It seems as though I need to live more like this (Epictetus, again):

“Remember that you must behave in life as at a dinner party. Is anything brought around to you? Put out your hand and take your share with moderation. Does it pass you by? Don’t stop it. Is it not yet come? Don’t stretch your desire towards it, but wait til it reaches you. Do this with regard to children, to a wife, to public posts, to riches, and you will eventually be a worthy partner in the feasts of the gods. And if you don’t even take the things which are set before you, but are able even to reject them, then you will not only be a partner at the feasts of the gods, but also of their empire.”

And when better to start, than now – as I’m getting ready to change my career up and spend the next three years (starting in March) overseas in various countries? I wonder if I am strong enough, however.

In the writing of this, I had forgotten to include the original impetus to even begin: There have been points in my life where I’ve been so cripplingly lonely that I entertain various fantasies of intimacy and love just to nourish myself. I’m not talking about sexual fantasies – I’m talking about fantasies where a girl I’ve known for a while reaches out to me and comforts me, holds me, puts me at ease… I don’t know exactly how to describe it, but my subconscious will provide me with these sorts of vivid dreams where I actually feel loved, and it has regenerated me at certain times. (It has also served to worsen me – drawing attention to what I felt has been absent in my life.) I bring this up only because it happened recently, and I don’t think there is much benefit to these sorts of fantasies – however comforting they may seem in the short term.
Ah, life. When did you get so complicated?
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3 thoughts on “Zen in the Art of Desire

  1. He also said that his philosophy can't guarantee anything. “For as the material of the carpenter is wood, and that of statuary bronze, so the subject-matter of the art of living is each person's own life” (I did a little Wikipedia searching since the browser was already up from earlier 🙂 haha). It's an art, you can't follow guidelines that's not what I was saying earlier but make yourself available to love from anybody and any kind of love. Even the unexpected Facebook friend that you probably just deleted. Don't close yourself off. Everyone has something to offer if you let them in a little. AND…. rejection is disappointing. But disappointment isn't always so awful, you just move on and learn to make room for things that have chances to be more positive. You're being silly and thinking too hard about life next term take some chemistry classes instead of ethics.
    p.s. we should hook your brother up with my sister they may have one or 100 things in common.

  2. thinking that you are realistic and wanting only deep and meaningful relationships in the same breath is contradicting?

    okay off to sleep. I'm so tired that I'm pretty sure i'm just arguing with you now for the sake of being right. sorry. It's not my best look.

  3. Allyse –

    I don't view it as an argument. Different points of view are always helpful. I believe in a sort of casuistry, where ideas are only good if they have been tested and proven against other ideas – so disagreement isn't a bad thing at all! (And in issues like this, who is to say who is right? All we have is our reason and our experience – both can be faulty.)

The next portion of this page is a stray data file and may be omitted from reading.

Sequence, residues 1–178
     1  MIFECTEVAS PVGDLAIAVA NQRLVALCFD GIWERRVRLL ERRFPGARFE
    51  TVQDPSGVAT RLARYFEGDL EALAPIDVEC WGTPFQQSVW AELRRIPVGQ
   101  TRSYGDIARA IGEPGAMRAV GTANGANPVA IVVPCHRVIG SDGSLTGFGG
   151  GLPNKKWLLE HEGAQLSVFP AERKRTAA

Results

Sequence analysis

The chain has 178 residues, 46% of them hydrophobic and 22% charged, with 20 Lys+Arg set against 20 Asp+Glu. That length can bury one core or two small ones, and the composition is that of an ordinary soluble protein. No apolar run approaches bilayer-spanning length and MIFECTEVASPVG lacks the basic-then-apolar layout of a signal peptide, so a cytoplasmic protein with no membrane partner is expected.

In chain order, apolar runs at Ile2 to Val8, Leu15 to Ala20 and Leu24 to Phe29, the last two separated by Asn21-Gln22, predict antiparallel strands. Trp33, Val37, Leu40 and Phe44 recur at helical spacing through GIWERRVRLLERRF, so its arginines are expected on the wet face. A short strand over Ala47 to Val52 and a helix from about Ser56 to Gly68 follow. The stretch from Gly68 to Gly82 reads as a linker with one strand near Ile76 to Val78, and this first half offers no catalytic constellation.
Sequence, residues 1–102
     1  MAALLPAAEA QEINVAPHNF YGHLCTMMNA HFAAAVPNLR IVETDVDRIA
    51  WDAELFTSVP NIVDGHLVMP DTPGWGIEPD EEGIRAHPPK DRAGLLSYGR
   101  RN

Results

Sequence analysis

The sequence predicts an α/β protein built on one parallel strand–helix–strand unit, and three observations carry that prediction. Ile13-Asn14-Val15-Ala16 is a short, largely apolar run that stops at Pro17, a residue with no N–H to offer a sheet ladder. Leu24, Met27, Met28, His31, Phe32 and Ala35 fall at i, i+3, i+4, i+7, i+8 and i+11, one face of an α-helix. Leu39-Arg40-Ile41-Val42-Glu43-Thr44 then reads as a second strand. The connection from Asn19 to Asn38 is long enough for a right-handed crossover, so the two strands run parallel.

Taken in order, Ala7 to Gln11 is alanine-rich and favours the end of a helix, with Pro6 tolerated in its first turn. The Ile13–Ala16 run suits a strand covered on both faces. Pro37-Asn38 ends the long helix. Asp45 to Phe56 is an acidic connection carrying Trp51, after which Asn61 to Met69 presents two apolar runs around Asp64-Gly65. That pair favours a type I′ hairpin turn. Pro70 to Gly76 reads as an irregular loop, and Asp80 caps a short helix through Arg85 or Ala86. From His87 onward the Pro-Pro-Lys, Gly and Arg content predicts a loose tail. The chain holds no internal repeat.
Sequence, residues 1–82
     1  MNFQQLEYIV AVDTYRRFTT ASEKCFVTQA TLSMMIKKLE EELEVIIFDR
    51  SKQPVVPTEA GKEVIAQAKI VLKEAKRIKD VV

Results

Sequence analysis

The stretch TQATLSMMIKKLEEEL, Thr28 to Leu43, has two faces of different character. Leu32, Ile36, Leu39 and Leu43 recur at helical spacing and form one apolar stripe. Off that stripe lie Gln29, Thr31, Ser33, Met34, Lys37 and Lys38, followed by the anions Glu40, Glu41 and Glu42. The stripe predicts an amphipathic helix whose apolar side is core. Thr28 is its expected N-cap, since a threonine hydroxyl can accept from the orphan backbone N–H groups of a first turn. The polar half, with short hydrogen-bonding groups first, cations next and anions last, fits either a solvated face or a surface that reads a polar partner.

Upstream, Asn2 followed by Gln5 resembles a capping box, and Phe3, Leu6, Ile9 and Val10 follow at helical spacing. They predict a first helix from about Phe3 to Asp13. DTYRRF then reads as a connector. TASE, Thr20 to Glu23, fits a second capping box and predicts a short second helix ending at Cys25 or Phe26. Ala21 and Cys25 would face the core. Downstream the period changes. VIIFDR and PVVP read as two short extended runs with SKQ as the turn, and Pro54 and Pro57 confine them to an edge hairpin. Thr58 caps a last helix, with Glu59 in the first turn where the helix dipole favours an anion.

Being realistic and wanting only deep and meaningful relationships is not necessarily contradictory, but it does imply a different lifestyle than most people are used to. I currently have only a handful of people I would count among my true friends (people I have known for years, who would, more than give me the shirt of their back, provide me with a place to live indefinitely if I needed it). Outside of them, I don't maintain a lot of relationships aside from working ones. How many people can you truly care about in a deep sense at one time? Is it possible to have 800 deep and fantastic friendships? Is it possible to have 3 or 4? (Shallow friendships have never been satisfying to me – I used to be popular in school and I found the whole thing very draining. I felt miserably alone in a sea of friends and it was very confusing. I felt less alone with three or four good friends than four hundred fair-weather ones!) To those I extend my friendship to, I would do anything – I don't have the energy or means, then, to be friends to everyone.

    I think you are too easily dismissing stoicism on the basis of my limited presentation of it. Stoicism isn't an attempt to guarantee anything – it's an attempt to better understand and cope with the human condition (and all the limitations being human implies) while still finding the strength and beauty of humanity.

    Just to provide a counterbalance to your statements, if I leave myself open to anybody and anyone, I also leave myself open to exploitation – everybody has something to take if you let them in a little. 😉 (I agree with your statements, too – I treat everybody the same way and give them the same chances and opportunities to get close to me. I tend to only trust people who are honest, though, and who say what they mean and mean what they say – the people who walk their own talk.)

    Sorry, but I have always loved philosophy and it's various branches (ethics is but one – then there's logic, epistemology, ontology, aesthetics, and even political science philosophies) and the implications they have on life. So, next semester I'll have another philosophy class, though it won't be an ethics one. (I'm taking a creative writing course, too.)

    P.S. I don't think my brother needs anymore hook ups :P. He needs a stable relationship, too. He's got a kid these days – named after me!

    Besides, I'd be much more interested in seeing where our (yours and mine) similarities lie. As much as differences have seemed to be the focus in our conversation, I'm sure there's common ground too.